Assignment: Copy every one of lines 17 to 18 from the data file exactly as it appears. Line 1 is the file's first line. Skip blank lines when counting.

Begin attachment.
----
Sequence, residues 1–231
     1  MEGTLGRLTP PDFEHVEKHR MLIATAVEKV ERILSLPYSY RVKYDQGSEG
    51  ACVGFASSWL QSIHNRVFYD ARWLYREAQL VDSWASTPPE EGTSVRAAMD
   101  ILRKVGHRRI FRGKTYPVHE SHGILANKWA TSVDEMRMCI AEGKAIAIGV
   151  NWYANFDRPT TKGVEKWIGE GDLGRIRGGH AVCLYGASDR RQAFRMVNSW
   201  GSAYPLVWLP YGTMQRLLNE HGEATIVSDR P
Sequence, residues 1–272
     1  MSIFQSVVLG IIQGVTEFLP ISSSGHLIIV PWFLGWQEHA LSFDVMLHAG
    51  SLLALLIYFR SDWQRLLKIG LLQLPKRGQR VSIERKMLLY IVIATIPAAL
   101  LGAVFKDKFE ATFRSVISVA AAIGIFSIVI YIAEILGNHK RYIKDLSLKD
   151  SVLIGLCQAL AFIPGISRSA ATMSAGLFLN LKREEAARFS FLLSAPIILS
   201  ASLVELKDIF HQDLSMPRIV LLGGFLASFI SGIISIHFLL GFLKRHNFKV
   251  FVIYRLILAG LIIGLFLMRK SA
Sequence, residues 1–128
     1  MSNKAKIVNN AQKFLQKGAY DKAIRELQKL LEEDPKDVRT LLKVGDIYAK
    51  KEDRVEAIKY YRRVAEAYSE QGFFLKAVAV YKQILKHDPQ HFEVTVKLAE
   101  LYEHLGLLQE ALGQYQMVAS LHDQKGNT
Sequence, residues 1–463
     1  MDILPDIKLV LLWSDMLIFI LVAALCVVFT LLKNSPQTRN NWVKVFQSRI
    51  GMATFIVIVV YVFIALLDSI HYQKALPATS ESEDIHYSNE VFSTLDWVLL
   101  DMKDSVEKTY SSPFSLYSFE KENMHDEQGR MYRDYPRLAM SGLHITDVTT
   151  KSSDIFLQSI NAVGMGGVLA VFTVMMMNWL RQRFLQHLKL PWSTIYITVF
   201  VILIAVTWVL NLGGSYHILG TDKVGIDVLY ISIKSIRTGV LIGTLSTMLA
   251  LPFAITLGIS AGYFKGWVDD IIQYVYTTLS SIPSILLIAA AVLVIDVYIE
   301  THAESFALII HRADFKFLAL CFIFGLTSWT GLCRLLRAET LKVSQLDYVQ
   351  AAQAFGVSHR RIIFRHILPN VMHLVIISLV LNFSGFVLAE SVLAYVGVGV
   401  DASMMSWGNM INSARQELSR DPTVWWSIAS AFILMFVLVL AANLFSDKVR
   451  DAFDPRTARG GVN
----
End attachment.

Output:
   101  LYEHLGLLQE ALGQYQMVAS LHDQKGNT
Sequence, residues 1–463